How to win like ‘Bling’


Yesterdays stage of the Giro was full of drama and excitement. A massive crash in the final kilometres decimated the field and the debate will run as to what the leaders should have done in the aftermath.

However, the manner in which overall leader Michael ‘Bling’ Matthews won the stage and his comments afterwards can teach a really valuable lesson to cyclists and for life in general.

Before the Giro started in Belfast the whole team knew that they had the work done and were very confident that they would win the team time trial. – They won !

The ‘team’ worked as a team and delivered Svein Tuft, a 37 year old who spends 99% of his time in the service of his team leaders, into the pink jersey. Each member of the team values the contribution that every rider makes to the success as a whole. They have an incredible family atmosphere within the team and this transfers into incredible results.

The next day 23 year old Michael ‘Bling’ finished eight in the sprint into Belfast and retained the pink jersey within the team, and has done so since.

Yesterday whilst wearing the ‘Maillot Rosa’ he stormed to an incredible stage victory at the summit of Montecassino.

To win a stage of a Grand Tour is an incredible achievement that very few cyclists, even professional cyclists can ever dream about.

To win a stage of a Grand Tour whilst in the leaders jersey is beyond even the dream capabilities of most.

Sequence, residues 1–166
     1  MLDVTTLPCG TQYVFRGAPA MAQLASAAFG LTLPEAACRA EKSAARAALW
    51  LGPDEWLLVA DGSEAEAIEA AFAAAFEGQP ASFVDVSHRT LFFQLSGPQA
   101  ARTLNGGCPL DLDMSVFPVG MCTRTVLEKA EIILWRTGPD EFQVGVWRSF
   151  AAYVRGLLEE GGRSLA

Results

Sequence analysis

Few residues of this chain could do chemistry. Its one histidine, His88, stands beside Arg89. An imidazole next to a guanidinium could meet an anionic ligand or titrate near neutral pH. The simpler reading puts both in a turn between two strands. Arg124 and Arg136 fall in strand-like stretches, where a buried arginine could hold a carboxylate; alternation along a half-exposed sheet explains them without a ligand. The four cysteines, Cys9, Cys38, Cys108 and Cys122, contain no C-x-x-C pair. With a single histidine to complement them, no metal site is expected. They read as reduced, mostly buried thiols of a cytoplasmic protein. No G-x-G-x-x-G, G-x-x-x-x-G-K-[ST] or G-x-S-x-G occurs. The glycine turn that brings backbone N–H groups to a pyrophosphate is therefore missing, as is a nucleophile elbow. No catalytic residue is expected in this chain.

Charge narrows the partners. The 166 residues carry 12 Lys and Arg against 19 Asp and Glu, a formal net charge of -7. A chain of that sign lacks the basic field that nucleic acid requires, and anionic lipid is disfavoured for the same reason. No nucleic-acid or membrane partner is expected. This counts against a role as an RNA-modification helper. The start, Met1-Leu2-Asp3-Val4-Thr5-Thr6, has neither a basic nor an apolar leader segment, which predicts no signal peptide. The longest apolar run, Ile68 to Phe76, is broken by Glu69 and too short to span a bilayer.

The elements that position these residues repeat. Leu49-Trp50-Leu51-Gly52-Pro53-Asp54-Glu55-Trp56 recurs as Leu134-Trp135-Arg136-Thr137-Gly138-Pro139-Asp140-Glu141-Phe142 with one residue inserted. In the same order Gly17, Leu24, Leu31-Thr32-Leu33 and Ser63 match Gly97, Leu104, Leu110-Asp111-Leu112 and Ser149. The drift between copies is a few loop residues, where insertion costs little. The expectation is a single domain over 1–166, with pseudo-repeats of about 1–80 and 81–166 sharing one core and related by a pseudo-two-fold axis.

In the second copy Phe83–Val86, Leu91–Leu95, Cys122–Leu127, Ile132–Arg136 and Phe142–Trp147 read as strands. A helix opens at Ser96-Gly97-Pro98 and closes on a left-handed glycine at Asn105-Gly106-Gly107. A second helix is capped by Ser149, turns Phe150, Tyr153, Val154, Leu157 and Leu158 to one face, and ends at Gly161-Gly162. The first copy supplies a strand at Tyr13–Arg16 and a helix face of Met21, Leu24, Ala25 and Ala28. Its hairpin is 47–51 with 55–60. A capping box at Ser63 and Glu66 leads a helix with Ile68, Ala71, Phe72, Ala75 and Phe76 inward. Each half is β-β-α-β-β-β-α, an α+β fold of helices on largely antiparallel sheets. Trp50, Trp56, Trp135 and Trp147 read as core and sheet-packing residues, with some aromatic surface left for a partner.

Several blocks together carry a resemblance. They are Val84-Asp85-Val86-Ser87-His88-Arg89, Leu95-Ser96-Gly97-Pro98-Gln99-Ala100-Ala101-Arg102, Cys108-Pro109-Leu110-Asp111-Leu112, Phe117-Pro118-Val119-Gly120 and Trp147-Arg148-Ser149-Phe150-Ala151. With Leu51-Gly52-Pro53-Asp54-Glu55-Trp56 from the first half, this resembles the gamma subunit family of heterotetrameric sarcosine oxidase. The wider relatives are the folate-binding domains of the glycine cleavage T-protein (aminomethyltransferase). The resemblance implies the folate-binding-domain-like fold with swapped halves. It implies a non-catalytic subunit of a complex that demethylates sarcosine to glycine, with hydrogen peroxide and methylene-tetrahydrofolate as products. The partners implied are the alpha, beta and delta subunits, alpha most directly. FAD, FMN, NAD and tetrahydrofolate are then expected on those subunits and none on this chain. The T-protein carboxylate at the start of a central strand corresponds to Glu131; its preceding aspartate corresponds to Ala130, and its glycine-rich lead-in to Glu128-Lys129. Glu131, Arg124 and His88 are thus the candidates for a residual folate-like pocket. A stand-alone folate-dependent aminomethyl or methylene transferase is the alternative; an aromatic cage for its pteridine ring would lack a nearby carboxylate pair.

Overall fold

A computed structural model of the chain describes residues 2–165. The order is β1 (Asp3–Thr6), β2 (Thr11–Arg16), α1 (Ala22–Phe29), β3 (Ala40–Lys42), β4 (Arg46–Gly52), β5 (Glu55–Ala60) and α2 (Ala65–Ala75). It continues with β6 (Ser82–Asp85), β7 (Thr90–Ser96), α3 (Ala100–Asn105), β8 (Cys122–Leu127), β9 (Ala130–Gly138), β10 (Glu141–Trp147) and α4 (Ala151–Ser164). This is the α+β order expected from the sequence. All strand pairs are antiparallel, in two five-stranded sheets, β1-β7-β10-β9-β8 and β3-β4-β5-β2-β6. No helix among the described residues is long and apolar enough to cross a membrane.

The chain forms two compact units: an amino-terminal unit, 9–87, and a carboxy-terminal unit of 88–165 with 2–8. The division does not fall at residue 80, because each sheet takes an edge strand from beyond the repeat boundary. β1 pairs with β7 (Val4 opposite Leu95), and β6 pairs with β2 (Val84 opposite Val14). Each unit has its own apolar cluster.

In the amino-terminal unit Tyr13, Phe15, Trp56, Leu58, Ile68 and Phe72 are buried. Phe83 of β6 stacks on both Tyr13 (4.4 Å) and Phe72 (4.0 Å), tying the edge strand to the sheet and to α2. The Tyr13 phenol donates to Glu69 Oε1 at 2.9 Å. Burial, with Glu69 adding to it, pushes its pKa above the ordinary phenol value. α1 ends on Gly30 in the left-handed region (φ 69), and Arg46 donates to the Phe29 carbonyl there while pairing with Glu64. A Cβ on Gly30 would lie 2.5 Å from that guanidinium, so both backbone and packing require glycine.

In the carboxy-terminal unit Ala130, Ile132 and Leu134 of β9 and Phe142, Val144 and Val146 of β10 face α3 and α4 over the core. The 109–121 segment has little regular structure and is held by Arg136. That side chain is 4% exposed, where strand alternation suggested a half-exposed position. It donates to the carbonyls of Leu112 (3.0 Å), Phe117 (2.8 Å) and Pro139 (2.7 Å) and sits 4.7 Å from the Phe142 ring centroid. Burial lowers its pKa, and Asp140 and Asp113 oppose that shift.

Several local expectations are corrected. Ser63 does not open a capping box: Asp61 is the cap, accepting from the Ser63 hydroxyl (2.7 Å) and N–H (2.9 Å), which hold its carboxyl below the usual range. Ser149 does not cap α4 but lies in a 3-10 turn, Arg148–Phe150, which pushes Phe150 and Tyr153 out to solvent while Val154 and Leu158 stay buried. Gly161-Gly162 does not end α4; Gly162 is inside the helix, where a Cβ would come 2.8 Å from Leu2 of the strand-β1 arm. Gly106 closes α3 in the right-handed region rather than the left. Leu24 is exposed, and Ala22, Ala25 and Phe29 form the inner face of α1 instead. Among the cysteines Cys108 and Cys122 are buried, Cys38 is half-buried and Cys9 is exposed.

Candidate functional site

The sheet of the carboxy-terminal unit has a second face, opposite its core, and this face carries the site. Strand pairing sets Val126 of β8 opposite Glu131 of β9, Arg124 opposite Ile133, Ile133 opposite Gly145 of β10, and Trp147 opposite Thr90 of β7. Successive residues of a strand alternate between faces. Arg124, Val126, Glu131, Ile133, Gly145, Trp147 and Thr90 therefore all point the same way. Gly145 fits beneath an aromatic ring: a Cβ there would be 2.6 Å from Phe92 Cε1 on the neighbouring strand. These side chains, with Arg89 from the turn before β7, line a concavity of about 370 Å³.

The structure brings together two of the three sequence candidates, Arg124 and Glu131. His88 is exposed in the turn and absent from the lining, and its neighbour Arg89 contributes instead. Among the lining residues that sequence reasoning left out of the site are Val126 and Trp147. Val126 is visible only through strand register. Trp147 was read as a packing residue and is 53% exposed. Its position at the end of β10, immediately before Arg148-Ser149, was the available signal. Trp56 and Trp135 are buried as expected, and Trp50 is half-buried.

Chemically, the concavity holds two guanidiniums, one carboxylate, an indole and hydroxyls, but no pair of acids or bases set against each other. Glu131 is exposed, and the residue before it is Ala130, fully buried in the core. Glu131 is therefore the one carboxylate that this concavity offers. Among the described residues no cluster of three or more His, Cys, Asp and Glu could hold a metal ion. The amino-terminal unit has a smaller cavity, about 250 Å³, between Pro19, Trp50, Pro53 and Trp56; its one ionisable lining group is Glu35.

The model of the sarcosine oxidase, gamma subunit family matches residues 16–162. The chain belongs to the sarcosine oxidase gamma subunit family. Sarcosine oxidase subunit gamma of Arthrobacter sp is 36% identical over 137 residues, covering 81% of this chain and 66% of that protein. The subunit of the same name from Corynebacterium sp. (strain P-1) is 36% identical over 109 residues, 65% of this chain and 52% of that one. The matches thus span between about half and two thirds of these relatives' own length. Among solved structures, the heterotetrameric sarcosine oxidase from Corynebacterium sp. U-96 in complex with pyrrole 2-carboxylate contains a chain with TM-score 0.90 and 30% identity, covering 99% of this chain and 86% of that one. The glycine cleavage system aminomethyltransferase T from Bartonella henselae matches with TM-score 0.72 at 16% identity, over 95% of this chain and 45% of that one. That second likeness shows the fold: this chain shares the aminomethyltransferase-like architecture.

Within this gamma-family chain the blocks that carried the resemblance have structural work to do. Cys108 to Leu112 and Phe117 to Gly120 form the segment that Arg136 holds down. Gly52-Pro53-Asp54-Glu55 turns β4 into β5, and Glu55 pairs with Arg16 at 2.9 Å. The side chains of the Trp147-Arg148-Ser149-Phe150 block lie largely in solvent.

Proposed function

Yesterday ‘Bling’ did both.

‘Bling’ had the courage to dream. He had the courage to believe in himself. The team had the courage to believe in him and to do everything in their powers to help him achieve his dream, and he delivered.

However this wasn’t just a dream, it was a planned goal, that he spoke about after the finish.

Bling had gone to Montecassino and trained numerous times up the climb. He knew exactly where the finish was, how to take the last corner and most importantly where to launch his sprint for the line.


On the climb itself, Bling a sprinter who is not a climber held onto former World Champion and Tour de France winner Cadel Evans, how ?

Because he had all of the work done and could just relax and concentrate on pushing the pedals around.

Throughout the winter he had worked on his core strength. He worked diligently with his coach Brian Stephens on his climbing and sprinting at the top of a climb. He visualised himself winning that exact stage hundreds of times and had no doubt whatsoever that he would achieve his goal.

He knew exactly what he wanted and set a goal.

He was willing to put in the hard work required to achieve his goal.

He visualised himself achieving his goal until it felt as though it had already happened.

He believed in himself.


Bling avoided the big crash and won the stage, was that luck? or was it something more?

Yesterdays stage win has much to offer any young cyclist who wants to rise to the top, or indeed anyone in any field who wants to know a golden rule about what it takes to succeed.





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